Spanish manufacturers innovate in health and wellness food, by Euromonitor International
Forget Germany and the UK as Western Europe's key health and wellness markets. Where product innovation is concerned, the new top contender is Spain, propelled forward by its maverick manufacturing base.
Although Spain ranks a close third behind the two leaders in terms of total fortified/functional packaged food value sales, its per capita spend of EUR43 was far ahead of both the UK (EUR36) and Germany (EUR23) in 2006. Euromonitor International focuses on some key trends and developments in Spain's health and wellness market.
Spanish food manufacturers are driving the trend towards omega-3 fortification. Over the last few years, Instituto Omega 3, a research think-tank founded by Puleva Foods, carried out an extensive campaign to promote the health benefits of omega-3 fatty acids. The institute's output was circulated widely through press releases and media promotions. Within fortified/functional milk, omega-3 enriched products play a key role, next to those fortified with calcium or multivitamins. Cheese, a previously neglected area in terms of fortified/functional developments, has also benefited from the omega-3 fortification boom. The wave of omega-3 fortified products also has hit other packaged food sectors, such as chocolate confectionery, biscuits, bread, pasta, spreadable oils and fats, vegetable oils, and has even found its way into stuffed olives.
Naturally healthy high-fibre products are hugely popular in Spain, with Euromonitor International's research showing value sales reaching EUR834 million in 2006, up by 7% on the previous year. Product fortification with fibre is spreading fast, and the dairy sector is rapidly catching on to this trend. The well-established Spanish manufacturer Corporación Alimentaria Peñasanta (CAPSA) launched Central Lechera Asturiana Natur Fibra, a fortified/functional milk variant with added soluble fibre, targeted mainly at “irregular” female consumers. The introduction of Danone's fibre-enriched Bio probiotic yoghurt range highlighted the point that probiotic credentials alone are no longer sufficient to draw an audience, especially with the onslaught of private label products.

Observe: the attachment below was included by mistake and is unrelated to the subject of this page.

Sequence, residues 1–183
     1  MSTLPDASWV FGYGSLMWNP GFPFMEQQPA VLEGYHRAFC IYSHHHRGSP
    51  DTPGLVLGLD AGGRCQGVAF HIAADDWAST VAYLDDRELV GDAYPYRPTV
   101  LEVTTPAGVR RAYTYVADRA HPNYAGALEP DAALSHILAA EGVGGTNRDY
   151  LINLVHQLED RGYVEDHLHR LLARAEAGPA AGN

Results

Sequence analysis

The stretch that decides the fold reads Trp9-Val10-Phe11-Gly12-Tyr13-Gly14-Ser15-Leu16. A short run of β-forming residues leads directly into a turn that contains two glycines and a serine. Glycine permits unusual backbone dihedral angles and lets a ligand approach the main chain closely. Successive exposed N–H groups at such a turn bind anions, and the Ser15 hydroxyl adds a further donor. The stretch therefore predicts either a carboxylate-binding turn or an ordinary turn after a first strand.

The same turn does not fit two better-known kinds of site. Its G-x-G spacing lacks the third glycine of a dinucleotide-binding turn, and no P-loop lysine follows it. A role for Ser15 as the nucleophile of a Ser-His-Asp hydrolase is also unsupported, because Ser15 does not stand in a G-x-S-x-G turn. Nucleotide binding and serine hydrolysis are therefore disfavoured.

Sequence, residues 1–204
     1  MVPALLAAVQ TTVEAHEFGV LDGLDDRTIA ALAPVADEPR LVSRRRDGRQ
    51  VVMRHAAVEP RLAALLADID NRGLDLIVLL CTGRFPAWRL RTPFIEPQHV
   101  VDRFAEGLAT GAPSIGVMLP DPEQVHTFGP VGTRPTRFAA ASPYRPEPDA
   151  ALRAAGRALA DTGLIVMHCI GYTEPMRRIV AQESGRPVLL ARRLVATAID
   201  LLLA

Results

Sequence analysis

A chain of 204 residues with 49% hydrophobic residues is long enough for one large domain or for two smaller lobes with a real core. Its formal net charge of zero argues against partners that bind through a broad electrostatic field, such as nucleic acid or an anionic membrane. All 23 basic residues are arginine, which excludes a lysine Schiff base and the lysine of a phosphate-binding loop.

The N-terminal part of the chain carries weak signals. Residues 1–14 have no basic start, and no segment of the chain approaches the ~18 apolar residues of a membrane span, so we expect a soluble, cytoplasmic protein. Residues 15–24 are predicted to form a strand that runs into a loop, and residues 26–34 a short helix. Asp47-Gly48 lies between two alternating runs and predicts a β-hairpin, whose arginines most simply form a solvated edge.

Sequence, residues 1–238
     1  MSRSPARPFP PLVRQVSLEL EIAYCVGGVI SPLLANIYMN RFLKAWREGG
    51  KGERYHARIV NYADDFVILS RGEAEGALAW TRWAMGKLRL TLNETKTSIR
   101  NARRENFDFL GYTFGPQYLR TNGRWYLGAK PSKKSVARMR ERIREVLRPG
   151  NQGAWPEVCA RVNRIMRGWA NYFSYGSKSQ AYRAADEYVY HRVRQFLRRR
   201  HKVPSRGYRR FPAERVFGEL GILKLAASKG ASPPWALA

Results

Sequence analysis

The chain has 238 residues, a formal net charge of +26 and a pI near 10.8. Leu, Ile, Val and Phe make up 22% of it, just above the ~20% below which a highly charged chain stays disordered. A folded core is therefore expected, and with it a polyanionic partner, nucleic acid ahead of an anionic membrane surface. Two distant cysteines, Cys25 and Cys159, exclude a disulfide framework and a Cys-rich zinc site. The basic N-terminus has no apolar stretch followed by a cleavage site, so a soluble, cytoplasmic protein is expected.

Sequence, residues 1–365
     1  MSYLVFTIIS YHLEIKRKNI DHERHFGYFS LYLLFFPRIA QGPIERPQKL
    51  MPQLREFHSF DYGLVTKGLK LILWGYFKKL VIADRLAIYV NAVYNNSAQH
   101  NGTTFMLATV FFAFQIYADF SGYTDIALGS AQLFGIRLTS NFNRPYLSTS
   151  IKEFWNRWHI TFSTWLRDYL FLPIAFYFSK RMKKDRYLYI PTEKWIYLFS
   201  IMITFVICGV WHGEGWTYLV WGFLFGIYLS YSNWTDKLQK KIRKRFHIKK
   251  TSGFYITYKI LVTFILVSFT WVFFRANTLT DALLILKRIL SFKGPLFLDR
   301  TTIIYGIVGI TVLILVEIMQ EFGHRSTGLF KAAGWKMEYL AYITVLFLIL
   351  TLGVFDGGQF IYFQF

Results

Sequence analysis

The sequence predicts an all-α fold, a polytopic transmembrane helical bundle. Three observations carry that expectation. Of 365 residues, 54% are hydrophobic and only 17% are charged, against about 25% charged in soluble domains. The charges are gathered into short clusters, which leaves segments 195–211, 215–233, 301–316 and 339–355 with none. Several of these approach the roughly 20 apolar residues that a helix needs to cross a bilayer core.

Race for product differentiation
Branded product manufacturers are under a great deal of pressure in Spain (as they are elsewhere) to stay ahead of their private label rivals. To illustrate the point, French retail giant Carrefour added aloe vera to its probotic private label range of yoghurts. Spanish dairy firm Iparlat also introduced aloe vera to its yoghurt line, while Corporación Alimentaria Peñasanta (CAPSA) went one step further by adding both aloe vera and royal jelly to its Natur milk range. Royal jelly is very popular in Spain, and Euromonitor International expects to see a lot of products fortified with this ingredient in the future, particularly in dairy.
Soy milk no longer niche
In the last few years, soy has gone from being virtually unknown to one of the most popularised health food ingredients in Spain. Naturally healthy soy milk is one of the most dynamic health and wellness categories in the Spanish packaged food market overall, managing to more than triple its value sales from EUR24 million in 2002 to EUR87 million in 2006. Its emergence from a tiny niche was chiefly driven by the outstanding efforts of Leche Pascual promoting its Vive Soy brand, which also helped boost the sales of other soy milk producers.
Soy's rise to fame led Spanish manufacturers to market a wide range of packaged food products, many of which were not strictly soy-based, but enriched with either soy proteins or with stanols extracted from soy. Despite this popularity, soy-based meat alternatives have not yet caught on in Spain, probably because vegetarianism is not widespread in the country.
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